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Moving from Description to Analysis

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Many times, assignments involving ethnographies and case studies will ask you to compare your observations with your working hypothesis as well as with significant theories or course themes and concepts. Remember that it is perfectly okay if you discover that your hypothesis is wrong or that your observations do not fit flawlessly with a given theory or idea. Likely, that sort of disconnect will give you the opportunity to think in interesting ways about your hypothesis, observations, and the concepts you are exploring in class.

When you move from recording your observations to writing about your  observations, you shift from describing what you noticed to discussing the specific ways and the extent to which what you noticed might support or challenge theories and/or hypotheses. This is the move from description to analysis. The observations and descriptions that you have produced now come to serve as evidence for the claims that you make.

A. Grouping

One writing task involves grouping observations to show patterns and connections, as well as points of contrast, or unusual findings. Consider formulations like the following as ways of presenting trends or placing emphasis on specific details:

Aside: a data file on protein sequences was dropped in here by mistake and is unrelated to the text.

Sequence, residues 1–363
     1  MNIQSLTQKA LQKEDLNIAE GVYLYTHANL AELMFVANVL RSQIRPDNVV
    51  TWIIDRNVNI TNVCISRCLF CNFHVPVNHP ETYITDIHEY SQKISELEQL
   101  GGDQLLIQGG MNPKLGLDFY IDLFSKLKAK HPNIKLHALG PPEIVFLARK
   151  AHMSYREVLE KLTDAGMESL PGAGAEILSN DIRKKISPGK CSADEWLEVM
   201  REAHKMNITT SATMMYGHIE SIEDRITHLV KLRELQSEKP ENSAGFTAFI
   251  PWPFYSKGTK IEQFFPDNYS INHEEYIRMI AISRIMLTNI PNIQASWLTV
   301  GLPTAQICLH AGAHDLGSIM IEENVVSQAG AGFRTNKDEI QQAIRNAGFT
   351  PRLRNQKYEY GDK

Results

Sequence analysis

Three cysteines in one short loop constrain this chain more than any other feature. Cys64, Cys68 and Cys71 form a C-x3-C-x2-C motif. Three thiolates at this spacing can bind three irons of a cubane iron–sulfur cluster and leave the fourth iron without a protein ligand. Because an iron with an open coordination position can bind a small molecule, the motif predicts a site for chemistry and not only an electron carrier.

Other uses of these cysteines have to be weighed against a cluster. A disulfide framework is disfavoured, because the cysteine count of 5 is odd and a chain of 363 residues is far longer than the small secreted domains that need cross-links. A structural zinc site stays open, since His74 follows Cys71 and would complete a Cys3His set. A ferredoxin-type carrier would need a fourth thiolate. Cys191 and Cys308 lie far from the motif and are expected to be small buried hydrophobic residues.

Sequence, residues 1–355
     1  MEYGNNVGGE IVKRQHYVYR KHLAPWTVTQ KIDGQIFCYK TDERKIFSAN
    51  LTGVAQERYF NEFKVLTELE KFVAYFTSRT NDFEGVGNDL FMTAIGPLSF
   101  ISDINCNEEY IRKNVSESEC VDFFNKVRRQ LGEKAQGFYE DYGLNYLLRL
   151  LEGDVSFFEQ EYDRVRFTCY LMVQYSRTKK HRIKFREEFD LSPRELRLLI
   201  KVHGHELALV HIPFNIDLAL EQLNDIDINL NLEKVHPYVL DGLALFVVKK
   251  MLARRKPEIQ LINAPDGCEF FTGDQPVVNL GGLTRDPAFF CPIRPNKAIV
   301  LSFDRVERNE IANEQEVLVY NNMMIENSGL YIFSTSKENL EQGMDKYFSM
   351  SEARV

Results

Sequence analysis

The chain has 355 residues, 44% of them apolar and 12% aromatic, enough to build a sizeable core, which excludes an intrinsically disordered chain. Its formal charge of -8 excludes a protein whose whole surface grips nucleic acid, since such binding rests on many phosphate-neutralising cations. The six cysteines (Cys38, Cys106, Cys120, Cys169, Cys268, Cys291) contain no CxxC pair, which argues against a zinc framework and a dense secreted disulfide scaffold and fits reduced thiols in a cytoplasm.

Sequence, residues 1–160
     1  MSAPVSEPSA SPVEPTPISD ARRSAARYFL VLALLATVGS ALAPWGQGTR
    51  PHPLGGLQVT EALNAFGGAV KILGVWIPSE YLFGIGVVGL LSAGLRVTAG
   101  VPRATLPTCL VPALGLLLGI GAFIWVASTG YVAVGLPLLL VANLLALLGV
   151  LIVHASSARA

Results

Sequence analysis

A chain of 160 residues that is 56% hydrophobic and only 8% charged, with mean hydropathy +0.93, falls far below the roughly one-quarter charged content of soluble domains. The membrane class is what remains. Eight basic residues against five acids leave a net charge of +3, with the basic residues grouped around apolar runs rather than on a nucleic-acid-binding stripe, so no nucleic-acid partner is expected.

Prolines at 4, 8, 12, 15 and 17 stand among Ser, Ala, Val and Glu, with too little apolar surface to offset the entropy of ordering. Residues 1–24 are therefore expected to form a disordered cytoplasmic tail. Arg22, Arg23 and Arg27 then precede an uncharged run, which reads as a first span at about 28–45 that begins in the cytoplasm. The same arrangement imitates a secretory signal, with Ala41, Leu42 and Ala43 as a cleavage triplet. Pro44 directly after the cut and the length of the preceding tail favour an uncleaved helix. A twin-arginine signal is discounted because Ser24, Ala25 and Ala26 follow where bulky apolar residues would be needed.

• In my observations, I noticed a general pattern of _________ as exemplified by _________, __________, and _________.
  • Each time that ______________ occurred, _________________.
  • Although I generally observed ____________, ___________ stood out by ______________.

B. Making Inferences

Another writing task involves making inferences, or drawing implications, from what you have observed. Consider formulations like the following as ways of suggesting possible interpretations or giving explanations for phenomena you observed:

  • One implication of what I observed could be __________________________.
  • One element of [insert concept/theory] involves _____________. This can be seen in [insert detail from field
  • Although I did not observe X directly / explicitly, it is implied by ________________________.
  • While it is not possible to say for certain that ____________, one might reasonably surmise ______________.

C. Introductory Sentences

As you begin to connect your fieldwork to broader frameworks, consider formulations like the following as introductory sentences for situating observations in relation to concepts and hypotheses:

  • At first I thought __________________________, but after conducting my research, what I found is that ___________________________.
  • The work of [insert scholar] hypothesizes ___________________________. My fieldwork shows ___________________________.
  • In my fieldwork, I found ________________.
  • This coincides with my [or someone else’s] hypothesis in that _________________.
  • It conflicts with my [or someone else’s] hypothesis in that _________________.

Last revised: June 2012 | Adapted for web delivery: November 2022

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